Gentrification has been defined as “a process in which a poor area (as of a city) experiences an influx of middle-class or wealthy people who renovate and rebuild homes and businesses and which often results in an increase in property values and the displacement of earlier, usually poorer residents.”
Today’s patterns of gentrification have deep, systemic roots in racism and discrimination. To understand gentrification, we must first look back in history to a contributing factor, White flight. White flight occurred across the United States starting in the 1950s and continued through the rest of the 20th century. Simply put, White people did not want to live next door to Black people, resulting in the creation of suburbs. This trend escalated after redlining, the practice of denying people access to credit because of where they live, even if they were personally qualified for loans, and ended with the passage of the Fair Housing Act in 1968. Up until this legislative change, it was legal to keep neighborhoods segregated. After this was passed, people of color were now allowed to move into any neighborhood of their choosing, including those which were previously White only. As a result, significant increases in White flight occurred and Fort Wayne saw their first suburbs begin to pop up.
If we take a look at current suburbs in Fort Wayne, are any of them particularly walkable to the nearest grocery store? Are there multiple bus lines functioning in these neighborhoods to help people get to and from work? The resounding answer is no, because when the suburbs were built, they were strategically built to be inaccessible for those who do not have their own transportation. Another example is the density of the neighborhoods that were built. For the first time, neighborhoods focused less on how many homes can fit in a square block and focused more on larger homes and yards. These larger properties and plots of land became too expensive for many people. These are just a couple of examples of how the suburbs were built differently, thus limiting who could move into these new areas.
For many years, the middle class and upper class, predominantly White families and young couples swarmed to these suburbs to escape the diversity within the city. This continued on for years, until the
the pendulum, as always, began to swing in the opposite direction. The children and grandchildren of those who fled were now adults looking to buy and invest in properties, and the affordability factor led them to the neighborhoods their families left before. The property value in these neighborhoods were significantly lower than those of the suburbs, making it possible to purchase and renovate them to their own taste. At the same time, a new downtown was being built around them as “urban revitalization.” Some of the neighborhoods in Fort Wayne affected by this trend include: West Central, and zip codes 46807, 46805, and more recently, 46808. Many of these properties now being purchased and renovated were previously rental housing.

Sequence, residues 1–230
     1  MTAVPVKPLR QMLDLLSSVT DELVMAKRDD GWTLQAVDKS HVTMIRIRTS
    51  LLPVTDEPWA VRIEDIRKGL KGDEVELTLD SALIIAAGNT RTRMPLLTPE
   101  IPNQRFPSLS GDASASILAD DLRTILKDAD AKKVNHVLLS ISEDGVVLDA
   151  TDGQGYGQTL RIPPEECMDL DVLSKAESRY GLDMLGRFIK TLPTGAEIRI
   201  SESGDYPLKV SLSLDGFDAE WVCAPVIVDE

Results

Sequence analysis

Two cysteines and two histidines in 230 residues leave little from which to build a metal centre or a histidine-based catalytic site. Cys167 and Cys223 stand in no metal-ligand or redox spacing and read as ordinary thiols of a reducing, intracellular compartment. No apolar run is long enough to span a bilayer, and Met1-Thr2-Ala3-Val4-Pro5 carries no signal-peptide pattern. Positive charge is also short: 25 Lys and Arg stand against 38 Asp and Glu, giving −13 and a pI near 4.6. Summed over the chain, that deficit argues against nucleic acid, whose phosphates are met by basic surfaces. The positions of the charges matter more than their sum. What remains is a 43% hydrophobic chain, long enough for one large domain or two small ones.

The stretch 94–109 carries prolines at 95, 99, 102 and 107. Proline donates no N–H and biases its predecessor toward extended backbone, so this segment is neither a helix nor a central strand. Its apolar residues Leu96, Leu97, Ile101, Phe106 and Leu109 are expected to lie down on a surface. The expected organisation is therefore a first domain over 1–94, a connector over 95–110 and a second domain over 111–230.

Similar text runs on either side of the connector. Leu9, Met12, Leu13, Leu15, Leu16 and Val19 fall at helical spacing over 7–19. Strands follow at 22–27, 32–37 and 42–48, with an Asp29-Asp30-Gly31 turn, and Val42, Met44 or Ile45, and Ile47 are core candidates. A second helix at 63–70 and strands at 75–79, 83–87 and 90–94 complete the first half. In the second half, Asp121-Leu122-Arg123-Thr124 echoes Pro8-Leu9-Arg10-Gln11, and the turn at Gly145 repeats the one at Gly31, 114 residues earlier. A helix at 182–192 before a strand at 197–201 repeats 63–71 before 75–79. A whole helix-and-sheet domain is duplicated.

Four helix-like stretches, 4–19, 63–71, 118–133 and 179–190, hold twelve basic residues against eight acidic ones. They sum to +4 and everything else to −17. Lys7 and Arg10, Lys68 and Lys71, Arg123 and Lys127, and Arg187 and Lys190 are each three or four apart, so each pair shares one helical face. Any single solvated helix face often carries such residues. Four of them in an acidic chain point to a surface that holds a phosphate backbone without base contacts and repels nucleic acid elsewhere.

So, what happens to all the renters now left without housing? We are now getting to the root problem of gentrification: there is nowhere left to go. Renters and people working toward establishing financial independence and sustainability are not able to afford housing in the neighborhoods they used to inhabit, and the suburbs still are not sufficient because of maintained high property values and little to no rental options. This problem has increased rates of homelessness, multiple family homes, and poverty as a result of trying to keep up with staggeringly high rent and mortgage payments.
Now that the problem has been clearly explained and identified, what can be done about it? Unfortunately, the damage that has already occurred will likely not be undone, but as this continues to affect Fort Wayne, there are options to try and prevent more from occurring. One way you can be an AllY is to advocate on the local level for development of more affordable, diverse housing such as apartments, duplexes, townhomes, tiny home neighborhoods, etc. Another effort taking place in some places throughout the US is the concept of “buy back the block.” This is frequently accomplished by a group of people purchasing as many properties as they can in a neighborhood. Purchasing these properties prevents investors from being able to acquire them and, instead, buyers can rent them or resell them to people who want to live and invest in the community. Lastly, you can advocate on the local and state level for policy to be passed to protect these neighborhoods, such as a policy changing single-family zoning laws.
Written by Emma Walker
Merriam-Webster. (n.d.). Gentrification definition & meaning. Merriam-Webster.
Williams, M. (2020, September 15). Gentrification doesn’t have to force minority residents out of their homes. activists say there are 3 ways to protect communities. Business Insider. https://www.businessinsider.com/personal-finance/how-to-protect-longtime-residents-from-gentrification-2020-9